General Electric Co. indicated it is looking closely at breaking itself up on Tuesday as the conglomerate announced more than $11 billion in charges from its long-term care insurance portfolio and new U.S. tax laws.
Chief Executive John Flannery has previously raised the idea of selling pieces of the largest U.S. industrial company, but went slightly further on Tuesday, saying GE is “looking aggressively” at a spin-off or other ways to maximize the value of GE’s power, aviation and healthcare units.
“I would categorize it as an examination of options and it’s [the] kind of thing that could result in many, many different permutations, including separately traded assets really in any one of our units, if that’s what made sense,” he said in response to an analyst question on a conference call, without giving any details.
Flannery already is eliminating thousands of jobs and cutting $3.5 billion in costs as he tries to solve problems he inherited when he became CEO on Aug. 1, including falling sales of power turbines, a build-up of inventory and declining profit margins in some businesses. His turnaround effort is still likely to take a year or more to play out.
Some Wall Street analysts saw Tuesday’s remarks as a sign that GE may already have figured out valuation, timing or disclosure requirements for a spin-off.
“He got really explicit,” Deane Dray, analyst at RBC Capital Markets, said of Flannery’s remarks. “He named all the units and said we’ll look at structures that allow for a public company exit. If you’re looking for the break-up scenario, it’s still simmering on a front burner.”
Others saw more hurdles. While “a full-scale GE breakup may be in the cards,” it would have tax, corporate and research cost implications, said Jeff Sprague, an analyst at Vertical Research Partners.
“We think these comments point more towards the eventual split-off of [GE’s Baker Hughes unit] and actions such as a potential IPO of part of GECAS,” GE’s aircraft finance unit, Sprague said in a research note.
GE said it will provide another update on its review in the spring. A decision could come then, CNBC reported, citing sources close to GE, adding that a breakup was “likely.”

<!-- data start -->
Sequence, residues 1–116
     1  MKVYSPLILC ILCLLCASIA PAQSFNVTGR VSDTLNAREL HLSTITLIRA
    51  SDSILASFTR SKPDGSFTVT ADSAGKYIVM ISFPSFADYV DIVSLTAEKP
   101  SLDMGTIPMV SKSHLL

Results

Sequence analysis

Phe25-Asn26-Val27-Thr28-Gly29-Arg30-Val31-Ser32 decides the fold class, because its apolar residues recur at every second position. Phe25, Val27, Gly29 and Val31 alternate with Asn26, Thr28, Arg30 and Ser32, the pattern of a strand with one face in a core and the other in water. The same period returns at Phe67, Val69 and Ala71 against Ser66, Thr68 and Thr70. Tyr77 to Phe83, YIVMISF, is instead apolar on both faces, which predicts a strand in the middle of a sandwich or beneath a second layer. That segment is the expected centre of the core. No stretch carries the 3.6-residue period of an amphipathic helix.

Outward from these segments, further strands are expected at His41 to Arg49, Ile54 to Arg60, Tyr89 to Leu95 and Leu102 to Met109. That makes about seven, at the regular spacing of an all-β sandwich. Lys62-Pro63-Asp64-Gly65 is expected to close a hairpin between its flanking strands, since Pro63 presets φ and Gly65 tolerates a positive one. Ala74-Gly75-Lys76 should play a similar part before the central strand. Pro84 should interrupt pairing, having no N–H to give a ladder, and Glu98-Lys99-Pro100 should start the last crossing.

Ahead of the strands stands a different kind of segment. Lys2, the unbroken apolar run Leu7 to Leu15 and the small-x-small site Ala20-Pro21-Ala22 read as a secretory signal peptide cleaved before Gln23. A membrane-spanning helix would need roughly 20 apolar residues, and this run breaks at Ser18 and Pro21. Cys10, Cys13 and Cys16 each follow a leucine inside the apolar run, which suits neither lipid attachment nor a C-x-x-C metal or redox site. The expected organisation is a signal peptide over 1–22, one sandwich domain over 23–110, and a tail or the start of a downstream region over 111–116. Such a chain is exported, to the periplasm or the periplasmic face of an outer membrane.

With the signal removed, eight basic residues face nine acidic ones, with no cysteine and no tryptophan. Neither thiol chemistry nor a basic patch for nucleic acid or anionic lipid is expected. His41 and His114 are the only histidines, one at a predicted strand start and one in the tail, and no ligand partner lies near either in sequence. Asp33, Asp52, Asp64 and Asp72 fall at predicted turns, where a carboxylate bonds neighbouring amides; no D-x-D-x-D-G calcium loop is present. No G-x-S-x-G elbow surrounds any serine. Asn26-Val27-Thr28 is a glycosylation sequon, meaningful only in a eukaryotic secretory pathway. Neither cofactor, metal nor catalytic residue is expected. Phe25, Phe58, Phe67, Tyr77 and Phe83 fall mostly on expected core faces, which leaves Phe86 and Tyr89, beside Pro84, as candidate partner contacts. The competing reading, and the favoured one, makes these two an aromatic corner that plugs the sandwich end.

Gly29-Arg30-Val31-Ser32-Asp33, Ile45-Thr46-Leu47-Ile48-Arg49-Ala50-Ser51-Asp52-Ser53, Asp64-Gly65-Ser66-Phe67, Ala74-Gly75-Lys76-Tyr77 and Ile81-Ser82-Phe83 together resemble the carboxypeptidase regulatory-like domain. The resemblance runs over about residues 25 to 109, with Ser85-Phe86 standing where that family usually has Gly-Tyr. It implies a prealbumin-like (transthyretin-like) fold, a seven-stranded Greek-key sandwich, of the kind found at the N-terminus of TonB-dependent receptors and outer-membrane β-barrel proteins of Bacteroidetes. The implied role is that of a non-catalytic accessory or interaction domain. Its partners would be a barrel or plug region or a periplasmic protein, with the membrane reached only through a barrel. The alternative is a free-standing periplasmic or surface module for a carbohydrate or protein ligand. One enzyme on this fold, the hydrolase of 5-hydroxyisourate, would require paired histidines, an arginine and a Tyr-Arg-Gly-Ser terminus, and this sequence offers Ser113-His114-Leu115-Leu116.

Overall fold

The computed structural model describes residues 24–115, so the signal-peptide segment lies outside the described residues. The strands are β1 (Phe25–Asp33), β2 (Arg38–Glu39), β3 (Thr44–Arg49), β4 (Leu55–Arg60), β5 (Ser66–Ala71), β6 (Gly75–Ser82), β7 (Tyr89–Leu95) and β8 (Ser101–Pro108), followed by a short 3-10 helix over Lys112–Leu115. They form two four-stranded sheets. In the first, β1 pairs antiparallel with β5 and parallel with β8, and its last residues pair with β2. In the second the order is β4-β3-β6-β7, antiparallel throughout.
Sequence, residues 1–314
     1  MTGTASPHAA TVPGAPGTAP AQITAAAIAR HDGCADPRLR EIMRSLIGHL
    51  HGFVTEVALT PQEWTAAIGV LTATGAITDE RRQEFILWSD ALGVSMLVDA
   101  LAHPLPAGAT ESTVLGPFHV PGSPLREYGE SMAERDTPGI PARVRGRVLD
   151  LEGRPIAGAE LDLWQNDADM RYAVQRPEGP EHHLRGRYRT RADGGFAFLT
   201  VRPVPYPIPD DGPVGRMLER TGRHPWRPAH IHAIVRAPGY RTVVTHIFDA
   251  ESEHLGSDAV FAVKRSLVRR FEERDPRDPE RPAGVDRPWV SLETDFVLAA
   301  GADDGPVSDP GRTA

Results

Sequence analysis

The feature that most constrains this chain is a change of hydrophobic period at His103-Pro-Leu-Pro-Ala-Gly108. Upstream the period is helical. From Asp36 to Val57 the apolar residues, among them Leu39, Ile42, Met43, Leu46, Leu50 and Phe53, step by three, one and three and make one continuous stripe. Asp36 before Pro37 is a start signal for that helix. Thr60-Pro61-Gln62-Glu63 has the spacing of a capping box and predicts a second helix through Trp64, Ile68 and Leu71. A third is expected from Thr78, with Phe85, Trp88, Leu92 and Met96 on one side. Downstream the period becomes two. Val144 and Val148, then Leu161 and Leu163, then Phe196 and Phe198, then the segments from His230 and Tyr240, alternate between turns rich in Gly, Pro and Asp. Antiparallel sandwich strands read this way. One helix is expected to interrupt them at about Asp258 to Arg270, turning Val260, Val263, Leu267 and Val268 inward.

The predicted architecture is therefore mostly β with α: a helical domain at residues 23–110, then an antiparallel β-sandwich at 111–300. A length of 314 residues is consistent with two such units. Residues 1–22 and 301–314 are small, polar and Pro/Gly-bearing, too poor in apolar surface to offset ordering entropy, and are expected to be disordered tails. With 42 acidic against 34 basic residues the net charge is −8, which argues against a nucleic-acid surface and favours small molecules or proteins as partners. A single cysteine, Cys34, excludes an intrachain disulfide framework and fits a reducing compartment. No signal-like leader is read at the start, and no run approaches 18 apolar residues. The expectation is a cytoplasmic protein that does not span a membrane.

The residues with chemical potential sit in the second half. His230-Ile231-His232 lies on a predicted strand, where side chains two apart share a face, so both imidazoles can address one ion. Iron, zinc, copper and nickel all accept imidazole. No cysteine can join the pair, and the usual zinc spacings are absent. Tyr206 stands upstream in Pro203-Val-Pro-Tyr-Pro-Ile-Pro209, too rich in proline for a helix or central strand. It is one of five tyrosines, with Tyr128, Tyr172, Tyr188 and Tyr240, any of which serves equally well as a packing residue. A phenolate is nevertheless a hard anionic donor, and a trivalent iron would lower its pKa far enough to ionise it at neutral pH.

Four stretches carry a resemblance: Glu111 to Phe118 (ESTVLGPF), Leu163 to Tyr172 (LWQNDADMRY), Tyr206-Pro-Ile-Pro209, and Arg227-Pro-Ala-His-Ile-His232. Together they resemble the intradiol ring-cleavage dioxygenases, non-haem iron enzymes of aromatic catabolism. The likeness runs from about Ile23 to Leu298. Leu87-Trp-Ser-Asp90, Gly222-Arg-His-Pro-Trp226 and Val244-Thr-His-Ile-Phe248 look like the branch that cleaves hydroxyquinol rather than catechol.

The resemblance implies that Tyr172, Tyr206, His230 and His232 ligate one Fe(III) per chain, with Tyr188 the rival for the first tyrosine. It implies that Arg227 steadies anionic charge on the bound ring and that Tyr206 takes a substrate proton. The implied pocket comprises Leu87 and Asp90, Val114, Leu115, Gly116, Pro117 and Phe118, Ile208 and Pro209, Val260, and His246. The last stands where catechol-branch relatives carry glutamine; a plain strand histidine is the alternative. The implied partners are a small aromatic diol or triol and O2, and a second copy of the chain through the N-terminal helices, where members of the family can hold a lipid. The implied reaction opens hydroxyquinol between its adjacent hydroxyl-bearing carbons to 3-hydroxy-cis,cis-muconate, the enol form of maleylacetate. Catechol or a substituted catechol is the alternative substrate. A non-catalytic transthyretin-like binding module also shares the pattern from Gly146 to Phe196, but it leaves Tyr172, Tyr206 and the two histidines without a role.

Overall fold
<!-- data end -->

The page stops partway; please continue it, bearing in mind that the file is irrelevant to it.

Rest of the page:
GE’s fourth-quarter $11 billion charge includes $6.2 billion after tax for reevaluation of insurance assets, $3.4 billion for U.S. tax changes and $1.8 billion for impairments of energy financing at GE Capital. The insurance charge was double what GE warned last year.
The charges means GE’s 2017 profit, to be reported next week, will be at the bottom end of its forecast of $1.05 to $1.10 a share, GE said.
GE shares ended down 2.9 percent at $18.21. At that level, the company has a market value of about $156 billion.
The insurance charge is the latest sign of problems with the modeling and funding of nursing home and other long term care in the United States.
GE said a review with outside actuaries and accountants that ended late last week showed its portfolio of 300,000 policies needed $15 billion more in reserves to cover potential payouts, or about $50,000 per policy.
GE Capital will set aside $3 billion in cash in the current quarter and $2 billion in annual increments through 2024 to cover those potential costs.
GE said the Kansas Insurance Department—the primary regulator for North American Life & Health, GE Capital’s insurance portfolio—had approved the reserve payments plan.
The $15 billion set-aside highlights difficulties long term care insurers and reinsurers face as they struggle to make good on policies dating back decades that underestimated projected healthcare costs and life spans.
GE’s policies stem from businesses it mostly acquired in the 1990s and sold last decade. GE said it has not written such policies since 2006.
The cost of nursing home or home-based elderly care tends not to be covered by Medicare, the U.S. government insurance program, and can be extremely expensive out of pocket.
Flannery said in November that GE would pare its operations to power, healthcare and aviation, and exit at least $20 billion in operations as it tries to shore up its financial performance. He also said further major portfolio changes were being considered, but was vague.
GE was the worst performer in the Dow Jones Industrial Average in 2017 and it has already cut its planned annual dividend for 2018 in half, only the third cut in the company’s 126-year history.
Even after the stock’s declines, it trades at only a slight discount to industrial peers, trading at about 18 times this year’s expected earnings.
(Additional reporting by Ankit Ajmera in Bengaluru; Editing by Saumyadeb Chakrabarty and Nick Zieminski)